EPA’s own 2013 Expert Panel Report concluded that homeowners should:

“Maintain a dense vegetative cover of turf grass to reduce runoff, prevent erosion, and retain nutrients.

“The research demonstrates that dense vegetative cover helps to reduce surface runoff which can be responsible for significant nutrient export from the lawn, regardless of whether it is fertilized or not. Dense cover has been shown to reduce surface runoff volumes in a wide range of geographic settings and soil conditions.

“If a lawn does not have a dense cover, it has an elevated risk for nutrient export, especially if soils are compacted or slopes are steep.” (page 29)

Further, Robertson pointed out that, according to EPA data, lawns in the Chesapeake Bay are under fertilized by 77%. Half of all lawns in the bay watershed receive no fertilizer at all and the 45% of lawns fertilized by DIY homeowners receive only 1.7 applications per season.

Less than 5% of all lawns in the Bay are fertilized by professionals. Further, professionals apply fertilizer in smaller, more frequent applications, as recommended by EPA. Fertilizer is expensive, and professionals have no incentive to over-apply.

Robertson estimated that the bill would cost the industry $5 million per year to implement if all businesses currently registered under the Pesticide Control Act as 07 Lawn and Turf complied.

Robertson concluded his testimony by recommending several changes to the legislation:

1.  Keep Subchapter B, Fertilizer Manufacturers and Guarantors. Contained in this section are increased fees that PDA requires to maintain this program. These increased fees will no doubt be passed along to those using fertilizers commercially and privately, but it seems a small price to pay to maintain PDA’s capacity to manage and enforce this program.

2.  Robertson said that PLNA recommended dropping Subchapters C and D relating to Applicator Licensing, Certification and Recordkeeping. Most of what is covered in this section is already a part of the current Pesticide Control Act. Operators who apply fertilizer are already covered since turf grass fertilizers typically contain pesticides that require applicator certification, training and registration. Few professionals, if any, apply only turf grass fertilizer. These chapters are redundant of what and who PDA currently regulates.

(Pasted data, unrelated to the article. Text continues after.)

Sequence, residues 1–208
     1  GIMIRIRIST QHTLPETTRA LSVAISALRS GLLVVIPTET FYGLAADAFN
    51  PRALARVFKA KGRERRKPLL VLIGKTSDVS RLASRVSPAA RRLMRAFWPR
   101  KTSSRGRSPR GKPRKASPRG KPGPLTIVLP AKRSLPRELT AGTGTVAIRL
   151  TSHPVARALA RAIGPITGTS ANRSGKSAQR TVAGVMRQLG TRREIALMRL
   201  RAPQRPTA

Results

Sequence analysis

3.  Robertson said that PLNA was ambivalent about Subchapter E on Application Rates, Requirements and Prohibitions. The industry broadly is already in substantial compliance with this section. In a recent survey PLNA conducted of bagged fertilizers available in central Pennsylvania, all bagged fertilizers surveyed are now labeled for application rates below the 0.9 pounds per 1,000 square feet in the bill. All, except those for new lawn development, have no phosphorus. Most exceeded the minimum for slow release nitrogen set at 22% in the bill, and those that did not missed by only a couple of percentage points. If this section is implemented, there will be little or no impact on the current market place. The section does contain lawn fertilization best practices that PLNA supports.

4.  Robertson said that PLNA agrees with Subchapter F that a program on Agriculture and Homeowner Education could be a good thing. However, he warned the Committee that EPA, in its Expert Panel Report, could find no research that supported the efficacy of a public or industry education program (pg. 35).

5.  Finally, Robertson said that PLNA supported Subchapter G Administration and Penalties, Section 6887 Exclusion of local laws and regulations. This section will prevent a patchwork of local ordinances from springing up regulating fertilizer use.

At this point, it’s not clear what action the committee may take on the bill. Please let your state representative know how you feel about this legislation.